When it comes to drug addiction and abuse, many people forget or do not realize the major reason why overdose isn’t the only concern: substance abuse can often lead to common opioid injuries as well. In fact, injuries from illicit drug use and abuse are not all that uncommon.
According to one academic study on illicit drug use, injuries and emergency room visits, drug abuse accounted for more than a third of emergency room visits. In other words, in at least 35% of emergency room visits illicit drug use had been at play leading up to the injury. This makes it clear that opioid overdose is not the only concern when it comes to using and abusing opioids like heroin or prescription drugs.
“The common understanding of patients addicted to heroin or other opioids is that they either survive a high or die – but that there’s no real damage to those who get up and walk away. Increasingly, emergency room doctors will tell you that’s not the case. Many injuries from drug use don’t get treated because patients who are revived never come to the hospital, and those who do are driven by their addiction to leave the hospital quickly and use again. That prompts another question for the emerging science of drug and overdose injuries: what is the effect of overdosing again and again?”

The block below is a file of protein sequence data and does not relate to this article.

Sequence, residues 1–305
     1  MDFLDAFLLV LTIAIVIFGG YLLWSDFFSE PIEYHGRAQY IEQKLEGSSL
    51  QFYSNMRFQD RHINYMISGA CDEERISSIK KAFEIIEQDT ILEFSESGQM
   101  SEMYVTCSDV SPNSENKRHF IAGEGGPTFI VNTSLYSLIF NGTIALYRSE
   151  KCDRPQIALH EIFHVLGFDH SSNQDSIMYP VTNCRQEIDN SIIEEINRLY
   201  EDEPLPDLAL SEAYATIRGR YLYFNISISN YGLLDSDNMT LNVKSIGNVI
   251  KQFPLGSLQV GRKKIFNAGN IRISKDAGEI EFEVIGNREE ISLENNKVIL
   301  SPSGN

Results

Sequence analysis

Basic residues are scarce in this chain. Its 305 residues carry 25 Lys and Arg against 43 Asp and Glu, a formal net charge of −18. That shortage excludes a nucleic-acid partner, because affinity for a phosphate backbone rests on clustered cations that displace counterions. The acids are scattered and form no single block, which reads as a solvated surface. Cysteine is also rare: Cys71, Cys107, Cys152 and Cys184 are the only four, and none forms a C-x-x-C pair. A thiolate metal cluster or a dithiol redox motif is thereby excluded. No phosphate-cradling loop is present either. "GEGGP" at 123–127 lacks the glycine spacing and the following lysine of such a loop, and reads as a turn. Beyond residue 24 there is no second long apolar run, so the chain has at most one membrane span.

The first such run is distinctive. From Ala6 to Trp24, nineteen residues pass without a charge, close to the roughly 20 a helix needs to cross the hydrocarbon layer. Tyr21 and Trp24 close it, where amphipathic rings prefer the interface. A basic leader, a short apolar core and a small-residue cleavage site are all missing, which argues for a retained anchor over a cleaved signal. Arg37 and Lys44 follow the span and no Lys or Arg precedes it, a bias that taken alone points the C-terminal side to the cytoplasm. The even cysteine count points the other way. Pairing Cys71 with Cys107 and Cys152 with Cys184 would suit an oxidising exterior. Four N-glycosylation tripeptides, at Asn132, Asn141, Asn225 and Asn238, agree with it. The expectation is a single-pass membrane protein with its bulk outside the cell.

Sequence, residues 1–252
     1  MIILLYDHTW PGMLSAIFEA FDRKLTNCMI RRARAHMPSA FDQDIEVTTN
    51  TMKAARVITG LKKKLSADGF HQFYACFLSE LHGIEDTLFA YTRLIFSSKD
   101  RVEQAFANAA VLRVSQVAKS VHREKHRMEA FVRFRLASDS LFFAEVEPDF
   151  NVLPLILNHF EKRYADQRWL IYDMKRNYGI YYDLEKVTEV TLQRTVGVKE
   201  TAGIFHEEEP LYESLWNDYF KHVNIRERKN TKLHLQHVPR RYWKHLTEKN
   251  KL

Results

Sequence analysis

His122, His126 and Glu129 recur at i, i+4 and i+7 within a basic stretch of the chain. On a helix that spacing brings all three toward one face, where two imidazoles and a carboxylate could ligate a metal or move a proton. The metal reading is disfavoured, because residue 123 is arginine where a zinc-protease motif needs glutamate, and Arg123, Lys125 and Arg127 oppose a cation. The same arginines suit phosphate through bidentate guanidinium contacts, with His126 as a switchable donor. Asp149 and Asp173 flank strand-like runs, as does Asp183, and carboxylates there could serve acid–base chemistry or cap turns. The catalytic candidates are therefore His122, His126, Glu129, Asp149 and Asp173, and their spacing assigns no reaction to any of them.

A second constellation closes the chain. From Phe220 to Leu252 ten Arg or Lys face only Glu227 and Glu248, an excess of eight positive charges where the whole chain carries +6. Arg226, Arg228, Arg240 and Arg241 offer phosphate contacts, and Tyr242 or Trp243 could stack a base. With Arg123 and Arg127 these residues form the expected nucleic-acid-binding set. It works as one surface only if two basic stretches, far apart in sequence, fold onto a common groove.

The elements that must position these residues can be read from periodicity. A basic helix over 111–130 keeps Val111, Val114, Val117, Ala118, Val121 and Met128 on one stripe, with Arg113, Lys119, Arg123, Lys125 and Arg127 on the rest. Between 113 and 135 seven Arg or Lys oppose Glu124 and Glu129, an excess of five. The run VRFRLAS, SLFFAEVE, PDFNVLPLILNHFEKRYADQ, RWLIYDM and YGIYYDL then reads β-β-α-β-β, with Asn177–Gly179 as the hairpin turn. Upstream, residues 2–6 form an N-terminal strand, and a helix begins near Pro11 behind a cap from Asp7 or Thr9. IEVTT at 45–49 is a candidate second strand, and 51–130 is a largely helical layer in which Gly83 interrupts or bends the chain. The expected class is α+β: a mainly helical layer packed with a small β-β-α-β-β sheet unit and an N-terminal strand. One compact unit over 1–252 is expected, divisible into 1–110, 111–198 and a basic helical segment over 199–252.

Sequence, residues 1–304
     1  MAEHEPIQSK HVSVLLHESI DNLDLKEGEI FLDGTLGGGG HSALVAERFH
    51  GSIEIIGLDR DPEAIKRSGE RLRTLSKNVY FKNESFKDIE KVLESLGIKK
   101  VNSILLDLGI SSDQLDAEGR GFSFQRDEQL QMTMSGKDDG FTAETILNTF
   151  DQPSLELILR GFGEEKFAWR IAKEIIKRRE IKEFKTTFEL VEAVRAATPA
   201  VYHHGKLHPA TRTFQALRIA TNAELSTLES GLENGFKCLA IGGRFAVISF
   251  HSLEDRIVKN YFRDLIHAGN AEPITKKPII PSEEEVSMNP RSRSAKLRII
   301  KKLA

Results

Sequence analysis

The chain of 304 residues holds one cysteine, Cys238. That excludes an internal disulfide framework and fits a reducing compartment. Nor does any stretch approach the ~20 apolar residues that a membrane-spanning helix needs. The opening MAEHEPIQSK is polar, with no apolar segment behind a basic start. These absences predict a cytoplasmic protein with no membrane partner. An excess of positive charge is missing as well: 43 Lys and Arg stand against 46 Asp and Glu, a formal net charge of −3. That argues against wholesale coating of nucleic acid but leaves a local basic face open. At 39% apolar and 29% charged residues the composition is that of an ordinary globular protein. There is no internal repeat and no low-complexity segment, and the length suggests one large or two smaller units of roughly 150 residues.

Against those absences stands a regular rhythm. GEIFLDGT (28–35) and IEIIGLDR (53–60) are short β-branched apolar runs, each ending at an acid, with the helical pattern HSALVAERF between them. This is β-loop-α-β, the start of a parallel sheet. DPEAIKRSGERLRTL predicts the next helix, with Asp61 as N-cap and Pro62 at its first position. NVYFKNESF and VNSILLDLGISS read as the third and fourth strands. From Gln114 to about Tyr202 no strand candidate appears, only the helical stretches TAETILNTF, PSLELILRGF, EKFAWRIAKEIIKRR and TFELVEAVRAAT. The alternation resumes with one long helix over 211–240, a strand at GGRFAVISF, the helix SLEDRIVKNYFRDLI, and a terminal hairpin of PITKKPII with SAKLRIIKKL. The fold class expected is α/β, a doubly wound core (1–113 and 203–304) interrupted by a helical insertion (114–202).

~ Martha Bebinger, writing for NPR’s All Things Considered
For perspective, the most common opiates and prescription drug opioids associated with the common opioid injuries discussed here include fentanyl, heroin, methadone, hydromorphone and hydrocodone. While there are other opioids associated both with substance use disorders and opioid overdose, these five are usually considered the most dangerous when it comes to both injuries and overdose because they are synthetic modifications of the naturally occurring opium.
Whether using heroin or abusing prescription opioids, there are at least three major concerns: the possibility of overdose, the risk of becoming addicted to the substance, and the likelihood of facing one of the common opioid injuries discussed here.